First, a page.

Moving to a new city or country might require you to ship your belongings and this might include your vehicle. Or perhaps you are buying or selling a vehicle and you will need to ship it to a new location. Whatever the reason, there are certain transportation laws and regulations that you will need to be aware of before you arrange for your car to be shipped. It is important to understand the laws that are in place so you can be sure you are in compliance with the Federal Government to ensure your vehicle arrives safely at its destination. Before completing any transportation formalities, familiarize yourself with the following laws and regulations regarding auto shipment.
According to federal law, auto transport drivers can only carry a specified weight per trip. The weight limit is dependent upon the number of axles in the transporting vehicle. Transport drivers will determine the weight of your vehicle based on the make and model of the car and an additional 100 lbs is added to the estimated weight. This is one reason why it’s important to make sure your car is not loaded with other personal belongings when it is being shipped. You don’t want to add additional weight to your vehicle because the transport drivers are required to weigh their trucks at certain weigh stations to be sure they are in compliance with weight regulations. If a transport vehicle is in violation of the law, they will receive a fine which will then be passed on to you.
Federal law has certain restrictions on the height of the vehicle that is being transported. Standard carriers can carry vehicles up to 7 feet high. If your vehicle is taller than the permissible limit, you will have to arrange to have it transported on a special type of carrier.
Shipping companies might promise a delivery date for your vehicle but this date might get pushed back in certain cases because federal law says drivers can only drive a certain number of hours each day. This means that if your driver gets stuck in traffic jams, it could push your delivery date back. You should never anticipate delivery in just a couple of days. Always plan for at least 7-10 days to transport a vehicle coast to coast.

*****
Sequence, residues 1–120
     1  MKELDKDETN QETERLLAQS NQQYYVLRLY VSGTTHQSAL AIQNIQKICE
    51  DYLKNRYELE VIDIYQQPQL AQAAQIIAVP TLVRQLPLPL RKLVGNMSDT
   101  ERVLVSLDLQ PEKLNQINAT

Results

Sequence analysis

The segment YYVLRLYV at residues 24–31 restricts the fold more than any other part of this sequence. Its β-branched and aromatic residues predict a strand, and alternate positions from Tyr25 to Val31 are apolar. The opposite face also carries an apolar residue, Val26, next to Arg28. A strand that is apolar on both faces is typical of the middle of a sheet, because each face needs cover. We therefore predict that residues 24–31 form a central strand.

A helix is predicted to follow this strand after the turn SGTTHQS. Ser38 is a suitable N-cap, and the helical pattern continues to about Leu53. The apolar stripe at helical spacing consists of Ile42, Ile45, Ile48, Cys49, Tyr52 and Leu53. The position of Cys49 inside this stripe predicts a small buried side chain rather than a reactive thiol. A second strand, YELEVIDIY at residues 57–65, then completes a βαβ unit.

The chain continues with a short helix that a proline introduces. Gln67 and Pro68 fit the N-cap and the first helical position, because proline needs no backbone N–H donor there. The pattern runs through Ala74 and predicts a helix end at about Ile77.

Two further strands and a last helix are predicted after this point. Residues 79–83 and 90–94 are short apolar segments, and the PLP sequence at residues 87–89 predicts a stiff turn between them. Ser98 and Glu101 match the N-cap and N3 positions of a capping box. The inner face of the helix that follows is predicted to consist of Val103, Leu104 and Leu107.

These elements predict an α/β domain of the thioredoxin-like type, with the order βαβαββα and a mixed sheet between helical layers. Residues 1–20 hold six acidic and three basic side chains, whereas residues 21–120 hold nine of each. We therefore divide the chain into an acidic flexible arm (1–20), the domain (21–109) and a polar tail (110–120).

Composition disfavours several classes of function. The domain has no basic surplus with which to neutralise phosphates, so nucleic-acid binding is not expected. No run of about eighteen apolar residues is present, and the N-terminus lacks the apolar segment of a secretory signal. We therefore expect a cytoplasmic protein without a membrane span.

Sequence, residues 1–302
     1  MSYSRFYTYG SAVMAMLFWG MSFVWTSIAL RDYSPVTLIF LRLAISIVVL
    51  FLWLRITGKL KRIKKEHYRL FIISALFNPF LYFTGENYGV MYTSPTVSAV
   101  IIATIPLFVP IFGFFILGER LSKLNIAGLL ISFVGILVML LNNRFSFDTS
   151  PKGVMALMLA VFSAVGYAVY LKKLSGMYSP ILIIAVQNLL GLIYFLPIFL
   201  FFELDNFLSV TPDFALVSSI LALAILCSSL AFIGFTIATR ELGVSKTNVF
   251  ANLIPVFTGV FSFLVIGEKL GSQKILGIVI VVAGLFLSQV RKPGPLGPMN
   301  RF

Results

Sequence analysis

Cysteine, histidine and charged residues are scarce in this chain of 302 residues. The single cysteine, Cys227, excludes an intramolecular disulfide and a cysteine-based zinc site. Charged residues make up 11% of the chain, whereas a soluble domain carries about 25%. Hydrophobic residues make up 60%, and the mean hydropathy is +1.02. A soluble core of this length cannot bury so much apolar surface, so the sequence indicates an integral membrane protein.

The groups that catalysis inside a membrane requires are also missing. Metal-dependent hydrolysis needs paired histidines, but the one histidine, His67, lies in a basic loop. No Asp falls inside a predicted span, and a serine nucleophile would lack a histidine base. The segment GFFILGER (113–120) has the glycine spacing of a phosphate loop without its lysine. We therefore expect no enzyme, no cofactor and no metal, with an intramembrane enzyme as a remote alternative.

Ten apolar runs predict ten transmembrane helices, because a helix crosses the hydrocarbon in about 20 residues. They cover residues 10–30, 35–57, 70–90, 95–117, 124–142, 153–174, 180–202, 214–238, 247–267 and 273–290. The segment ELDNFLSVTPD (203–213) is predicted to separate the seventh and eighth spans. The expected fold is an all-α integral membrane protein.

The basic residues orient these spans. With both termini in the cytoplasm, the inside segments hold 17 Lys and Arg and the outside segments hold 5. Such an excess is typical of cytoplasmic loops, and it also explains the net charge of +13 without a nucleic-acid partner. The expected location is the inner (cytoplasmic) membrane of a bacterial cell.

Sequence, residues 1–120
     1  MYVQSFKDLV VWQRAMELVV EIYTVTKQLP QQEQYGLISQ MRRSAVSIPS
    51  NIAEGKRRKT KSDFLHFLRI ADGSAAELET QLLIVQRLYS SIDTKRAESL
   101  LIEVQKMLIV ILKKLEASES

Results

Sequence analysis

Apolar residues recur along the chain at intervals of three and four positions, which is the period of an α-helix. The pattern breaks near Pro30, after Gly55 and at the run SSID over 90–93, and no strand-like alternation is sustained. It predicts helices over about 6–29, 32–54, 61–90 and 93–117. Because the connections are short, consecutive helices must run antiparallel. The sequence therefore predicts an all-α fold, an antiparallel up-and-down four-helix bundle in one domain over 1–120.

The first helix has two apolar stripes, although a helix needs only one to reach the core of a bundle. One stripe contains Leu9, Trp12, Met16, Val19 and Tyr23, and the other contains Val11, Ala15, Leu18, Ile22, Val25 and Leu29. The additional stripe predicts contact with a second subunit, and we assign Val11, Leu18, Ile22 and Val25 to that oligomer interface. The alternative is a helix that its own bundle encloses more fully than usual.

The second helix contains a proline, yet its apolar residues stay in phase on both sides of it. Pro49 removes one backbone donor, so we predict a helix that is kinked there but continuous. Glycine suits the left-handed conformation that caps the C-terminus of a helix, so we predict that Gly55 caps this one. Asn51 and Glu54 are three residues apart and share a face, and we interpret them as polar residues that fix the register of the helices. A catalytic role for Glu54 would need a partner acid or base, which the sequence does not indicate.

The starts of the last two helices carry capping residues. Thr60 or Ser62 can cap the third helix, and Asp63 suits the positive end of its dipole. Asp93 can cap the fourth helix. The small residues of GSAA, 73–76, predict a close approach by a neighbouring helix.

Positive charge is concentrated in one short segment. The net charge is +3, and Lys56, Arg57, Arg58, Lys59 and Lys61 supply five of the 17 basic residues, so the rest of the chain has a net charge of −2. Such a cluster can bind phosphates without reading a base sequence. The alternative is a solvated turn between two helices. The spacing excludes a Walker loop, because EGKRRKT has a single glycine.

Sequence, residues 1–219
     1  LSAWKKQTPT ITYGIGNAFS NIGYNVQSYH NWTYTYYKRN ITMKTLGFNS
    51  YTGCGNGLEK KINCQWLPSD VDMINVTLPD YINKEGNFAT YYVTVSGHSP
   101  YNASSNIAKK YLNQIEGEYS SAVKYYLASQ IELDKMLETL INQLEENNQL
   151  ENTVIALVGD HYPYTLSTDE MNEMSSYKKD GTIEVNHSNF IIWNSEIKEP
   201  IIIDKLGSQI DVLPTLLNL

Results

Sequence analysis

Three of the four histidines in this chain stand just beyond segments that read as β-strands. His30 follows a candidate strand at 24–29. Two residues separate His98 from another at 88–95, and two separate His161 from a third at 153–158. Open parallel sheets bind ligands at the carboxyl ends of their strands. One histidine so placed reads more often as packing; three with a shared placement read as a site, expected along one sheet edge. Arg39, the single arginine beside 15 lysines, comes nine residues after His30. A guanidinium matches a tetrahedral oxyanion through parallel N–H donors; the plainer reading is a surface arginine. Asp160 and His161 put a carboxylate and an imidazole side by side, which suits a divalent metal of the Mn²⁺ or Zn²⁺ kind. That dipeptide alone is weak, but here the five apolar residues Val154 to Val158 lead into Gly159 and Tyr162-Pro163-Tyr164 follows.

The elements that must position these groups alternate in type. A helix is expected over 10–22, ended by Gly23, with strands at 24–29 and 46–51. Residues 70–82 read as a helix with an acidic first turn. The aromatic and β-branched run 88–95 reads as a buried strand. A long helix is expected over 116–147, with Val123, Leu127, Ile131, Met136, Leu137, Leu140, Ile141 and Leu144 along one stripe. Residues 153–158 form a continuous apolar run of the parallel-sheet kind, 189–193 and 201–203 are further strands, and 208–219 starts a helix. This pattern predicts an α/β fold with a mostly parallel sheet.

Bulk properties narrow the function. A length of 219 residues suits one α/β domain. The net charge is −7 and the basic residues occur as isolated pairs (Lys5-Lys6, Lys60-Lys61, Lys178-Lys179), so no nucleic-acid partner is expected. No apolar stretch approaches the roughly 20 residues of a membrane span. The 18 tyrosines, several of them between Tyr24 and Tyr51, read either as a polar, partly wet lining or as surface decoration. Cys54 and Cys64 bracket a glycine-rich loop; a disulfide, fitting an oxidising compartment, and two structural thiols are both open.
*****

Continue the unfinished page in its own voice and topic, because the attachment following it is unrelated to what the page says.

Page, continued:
Importing a Motor Vehicle
There are special laws and regulations that you must comply with if you are importing a vehicle from another country. You must have the proper paperwork in order to get clearance from Customs and Border Protection including the authentic bill of lading from your carrier, the foreign registration, the bill of sale, and any other documents related to your vehicle. You will also have to declare the proper safety and emissions provisions to ensure your vehicle meets the emission standards of the US. It is important to contact the Department of Transportation and the Environmental Protection Agency prior to shipment to be sure your vehicle is eligible for shipment to the U.S.
Frequently Asked Questions
Answers to Your Car Moving Questions
The hardest thing for people researching car moving companies to understand is that the prices they are getting are not hard and fast gaurantees, but rather ESTIMATES of what one company thinks it will take to get a vehicle moved promptly versus another company's opinion of what it will take. Don't be fooled, there are not carriers committed to take your vehicle at these quoted prices, the company you choose will still have to get to work getting a carrier to commit to move it at the price they quote you.
Your total price breaks down into two parts, the broker's fee (or 'deposit' as everyone calls it) and the carriers fee (your COD amount) Make no mistake about this, EVERYONE YOU ARE GETTING SALES CALLS FROM IS GOING TO BROKER YOUR MOVE. In this industry, there are brokers who try to fool you into thinking that they are the actual carriers and there are an equal amount of carriers who sell themselves on the fact that they have a truck or two but are not being honest about the fact that they broker out 90% of the orders they book. Here is a quick easy way to tell, if a company takes an up front fee, whether they call it a deposit or any other name, they are a broker. Carriers do not take any payment until the vehicle is delivered.
In our opinion, you are crazy to do so. Have you ever been paid up front for the work that you perform for your employer? Why would you pay a fee up front when there are reliable and trustworthy companies like ours that won't ask for it until we provide you with your carriers details?
The average transit time from pick up to delivery on any vehicle going coast to coast will be between one and two weeks. From there you can figure your transit time based on how far your vehicle is traveling, i.e. from either coast to the Midwest might average 3-7 days.